World War II fighter pilot finally receives his medals after 76 years

Better late than never.
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U.S. Army Air Corps 1st Lt. Gerald Teldon (center), retired, poses for a group photo after his awards ceremony for his honorable service as a pilot on July 29, 2022, at the Chabad Center for Jewish Life and Learning, San Antonio, Texas. (Sarayuth Pinthong/U.S. Air Force)

In 1945, Gerald Teldon was 20 years old and piloting a P-47 Thunderbolt over the skies of southern Europe, flying escort missions and supporting ground forces. It would take seven decades, though, to receive any formal kind of recognition.  

During a ceremony last week at the Chabad Center for Jewish Life & Learning in San Antonio, Teldon, now 97, was presented with six medals he earned while serving as a fighter pilot during WWII. 

“Lt. Teldon flew 62 combat missions over a period of two years in the European theater and, while he should have been recognized for his service when he was honorably discharged, I’m thankful that he will finally get that recognition in front of so many friends and family members,” said Lt. Col. Andrew Stein, commander of the 502nd Operations Support Squadron and one of the presenters. 

While flying P-47 Thunderbolts over Italy and the Balkans with the 79th Fighter Group, Teldon earned the Air Medal, the American Campaign Medal, the European-African-Middle Eastern Campaign Medal, the World War II Victory Medal, National Defense Service Medal, as well as a Distinguished Unit Citation for actions over Italy in April 1945. 

However, he was discharged in 1946, without ever having actually received any of the awards he’d earned. Teldon said he had periodically inquired about them, but had never met with any success. 

U.S. Air Force Lt. Col. Stein (left), 502nd Operations Support Squadron commander, prepares to present U.S. Army Air Corps 1st Lt. Gerald Teldon, retired, with the Air Medal for his honorable service as a pilot on July 29, 2022, at the Chabad Center for Jewish Life and Learning, San Antonio, Texas. (Sarayuth Pinthong/U.S. Air Force)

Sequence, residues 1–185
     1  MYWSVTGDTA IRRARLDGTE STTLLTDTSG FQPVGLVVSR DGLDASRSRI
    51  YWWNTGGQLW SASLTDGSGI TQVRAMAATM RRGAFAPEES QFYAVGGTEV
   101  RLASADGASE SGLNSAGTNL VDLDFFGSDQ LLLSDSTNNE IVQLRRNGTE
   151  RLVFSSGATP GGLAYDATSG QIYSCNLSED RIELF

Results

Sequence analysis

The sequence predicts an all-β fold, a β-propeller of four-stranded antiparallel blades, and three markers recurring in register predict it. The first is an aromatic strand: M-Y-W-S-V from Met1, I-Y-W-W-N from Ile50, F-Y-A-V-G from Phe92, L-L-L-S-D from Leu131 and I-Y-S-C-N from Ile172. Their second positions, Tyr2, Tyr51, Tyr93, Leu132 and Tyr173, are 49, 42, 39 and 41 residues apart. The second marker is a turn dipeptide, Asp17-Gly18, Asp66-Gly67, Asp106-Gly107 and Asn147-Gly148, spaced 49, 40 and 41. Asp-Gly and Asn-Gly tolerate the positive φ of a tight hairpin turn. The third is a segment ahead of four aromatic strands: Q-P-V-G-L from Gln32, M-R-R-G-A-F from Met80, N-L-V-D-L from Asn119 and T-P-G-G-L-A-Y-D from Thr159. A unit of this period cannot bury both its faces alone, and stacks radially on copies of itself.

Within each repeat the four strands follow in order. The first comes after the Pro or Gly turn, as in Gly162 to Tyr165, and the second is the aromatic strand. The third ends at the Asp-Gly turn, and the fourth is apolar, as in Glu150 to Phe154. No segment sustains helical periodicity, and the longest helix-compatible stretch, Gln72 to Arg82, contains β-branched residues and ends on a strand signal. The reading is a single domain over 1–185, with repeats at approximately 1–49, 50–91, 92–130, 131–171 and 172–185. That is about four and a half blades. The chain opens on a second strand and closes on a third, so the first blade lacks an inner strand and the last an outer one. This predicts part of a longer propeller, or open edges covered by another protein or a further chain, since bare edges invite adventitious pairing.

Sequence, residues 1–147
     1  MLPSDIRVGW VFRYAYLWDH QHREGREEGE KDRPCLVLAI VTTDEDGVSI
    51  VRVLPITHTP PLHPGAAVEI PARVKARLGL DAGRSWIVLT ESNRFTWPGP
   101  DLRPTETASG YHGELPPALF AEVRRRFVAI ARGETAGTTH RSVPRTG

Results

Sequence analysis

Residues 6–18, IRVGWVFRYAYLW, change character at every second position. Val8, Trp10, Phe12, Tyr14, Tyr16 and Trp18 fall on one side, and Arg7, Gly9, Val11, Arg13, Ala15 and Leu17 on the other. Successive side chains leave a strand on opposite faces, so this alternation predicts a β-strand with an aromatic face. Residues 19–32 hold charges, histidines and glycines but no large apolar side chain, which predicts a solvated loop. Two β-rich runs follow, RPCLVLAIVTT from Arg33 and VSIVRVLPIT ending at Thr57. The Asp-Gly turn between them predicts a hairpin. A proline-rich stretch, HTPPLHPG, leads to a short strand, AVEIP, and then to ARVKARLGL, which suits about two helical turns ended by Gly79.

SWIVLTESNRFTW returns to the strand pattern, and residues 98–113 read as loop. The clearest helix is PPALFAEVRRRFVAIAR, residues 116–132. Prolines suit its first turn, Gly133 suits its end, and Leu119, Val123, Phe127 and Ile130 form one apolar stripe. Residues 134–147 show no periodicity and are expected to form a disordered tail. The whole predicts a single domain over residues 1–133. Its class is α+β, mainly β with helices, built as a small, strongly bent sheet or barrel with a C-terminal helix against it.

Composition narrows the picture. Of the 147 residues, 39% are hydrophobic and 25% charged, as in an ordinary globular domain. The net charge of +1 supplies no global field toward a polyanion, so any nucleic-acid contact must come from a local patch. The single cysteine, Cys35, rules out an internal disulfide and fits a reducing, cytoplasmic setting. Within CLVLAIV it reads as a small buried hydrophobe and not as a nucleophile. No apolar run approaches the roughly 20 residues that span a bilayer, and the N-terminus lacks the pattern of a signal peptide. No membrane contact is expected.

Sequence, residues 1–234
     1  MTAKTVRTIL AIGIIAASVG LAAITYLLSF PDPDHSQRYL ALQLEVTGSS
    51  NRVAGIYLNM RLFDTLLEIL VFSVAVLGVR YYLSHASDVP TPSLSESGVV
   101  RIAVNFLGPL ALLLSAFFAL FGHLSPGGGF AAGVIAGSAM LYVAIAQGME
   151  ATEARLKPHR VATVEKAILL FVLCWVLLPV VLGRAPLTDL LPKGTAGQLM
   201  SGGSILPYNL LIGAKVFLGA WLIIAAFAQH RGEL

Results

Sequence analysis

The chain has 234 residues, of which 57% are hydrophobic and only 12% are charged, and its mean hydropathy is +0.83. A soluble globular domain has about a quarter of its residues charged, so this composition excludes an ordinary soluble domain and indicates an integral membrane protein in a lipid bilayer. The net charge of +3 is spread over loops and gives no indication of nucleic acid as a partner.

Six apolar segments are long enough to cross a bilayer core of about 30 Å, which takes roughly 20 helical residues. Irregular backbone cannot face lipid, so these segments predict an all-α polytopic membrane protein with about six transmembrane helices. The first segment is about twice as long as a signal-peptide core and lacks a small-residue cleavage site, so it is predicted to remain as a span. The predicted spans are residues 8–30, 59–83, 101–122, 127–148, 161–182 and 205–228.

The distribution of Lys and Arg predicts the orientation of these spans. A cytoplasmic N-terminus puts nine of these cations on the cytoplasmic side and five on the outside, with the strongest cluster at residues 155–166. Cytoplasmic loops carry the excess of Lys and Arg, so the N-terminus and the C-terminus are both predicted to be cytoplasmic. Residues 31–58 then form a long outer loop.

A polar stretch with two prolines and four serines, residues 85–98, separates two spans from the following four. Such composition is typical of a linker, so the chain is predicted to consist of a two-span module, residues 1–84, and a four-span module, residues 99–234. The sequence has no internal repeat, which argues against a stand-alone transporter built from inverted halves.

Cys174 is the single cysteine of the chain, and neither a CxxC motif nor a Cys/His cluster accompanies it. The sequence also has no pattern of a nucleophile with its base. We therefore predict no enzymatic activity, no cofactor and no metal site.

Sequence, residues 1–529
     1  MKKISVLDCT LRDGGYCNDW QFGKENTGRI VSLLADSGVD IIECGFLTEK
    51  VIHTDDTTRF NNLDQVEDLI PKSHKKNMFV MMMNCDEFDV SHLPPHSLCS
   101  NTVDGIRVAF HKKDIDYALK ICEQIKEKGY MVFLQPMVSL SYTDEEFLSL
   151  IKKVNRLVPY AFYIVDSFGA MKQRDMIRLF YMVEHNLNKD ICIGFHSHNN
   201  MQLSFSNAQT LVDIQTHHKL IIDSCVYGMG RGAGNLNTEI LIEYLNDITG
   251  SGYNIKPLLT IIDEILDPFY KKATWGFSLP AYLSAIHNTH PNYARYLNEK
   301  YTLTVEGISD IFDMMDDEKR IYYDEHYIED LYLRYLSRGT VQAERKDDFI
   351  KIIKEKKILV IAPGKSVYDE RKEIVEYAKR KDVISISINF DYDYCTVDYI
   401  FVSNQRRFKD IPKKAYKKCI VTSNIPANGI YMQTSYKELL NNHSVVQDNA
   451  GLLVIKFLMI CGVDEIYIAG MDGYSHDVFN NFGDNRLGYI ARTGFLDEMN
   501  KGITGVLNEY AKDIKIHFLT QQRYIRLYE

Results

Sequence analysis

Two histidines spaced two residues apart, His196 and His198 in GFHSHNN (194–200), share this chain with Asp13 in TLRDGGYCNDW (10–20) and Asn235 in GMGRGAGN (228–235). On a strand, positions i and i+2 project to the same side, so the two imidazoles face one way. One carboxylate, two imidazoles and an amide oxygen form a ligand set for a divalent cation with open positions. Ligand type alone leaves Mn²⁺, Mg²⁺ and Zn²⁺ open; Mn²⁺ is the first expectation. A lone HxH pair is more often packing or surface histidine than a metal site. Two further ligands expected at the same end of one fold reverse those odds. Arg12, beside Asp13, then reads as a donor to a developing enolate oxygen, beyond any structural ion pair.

The ceremony was organized by some of Teldon’s family members. It was a bit of a surprise for the former pilot, as he had traveled to San Antonio, Texas to attend his great-grandson’s bar mitzvah. When he arrived, though, there were four generations from his family as well as military representatives from nearby Joint Base-San Antonio on hand to finally present the awards and pin them to his jacket. 

“I never realized the results of what was happening that I was doing,” Teldon said. “I was a fighter pilot, and as a fighter pilot, you never see the action that resulted from what you did. And now when I received these medals and they announced what the reasons for the medals were, I was absolutely amazed that I was involved in that.”

Teldon was born in the Bronx and grew up on Long Island with his parents and sister. During the ceremony, he recounted his family at times having to stay on someone’s back porch. Since winning a newspaper selling contest when he was 15 and being rewarded with a flight around New York City, though, Teldon knew that he wanted to become a pilot. 

“I was so amazed and excited, flying around the city, that I decided that I wanted to become a pilot,” he said.

He was initially turned down by the Navy, but in 1944 he enlisted in the Army and, despite a possibly punctured eardrum, completed his pilot training. 

Deploying to the Mediterranean, he completed 62 combat missions in the P-47 Thunderbolt with 85th and 87th Fighter Squadrons.

Now, more than 75 years after his discharge, Teldon is one of fewer than a quarter million WWII veterans still alive. Thankfully, 25 of Teldon’s descendants were able to see him finally recognized for his accomplishments in person. 

“I’m not an emotional person, but I’m so thankful for my family to want to learn more about me as to who I was that led me to be who I am today,” he said

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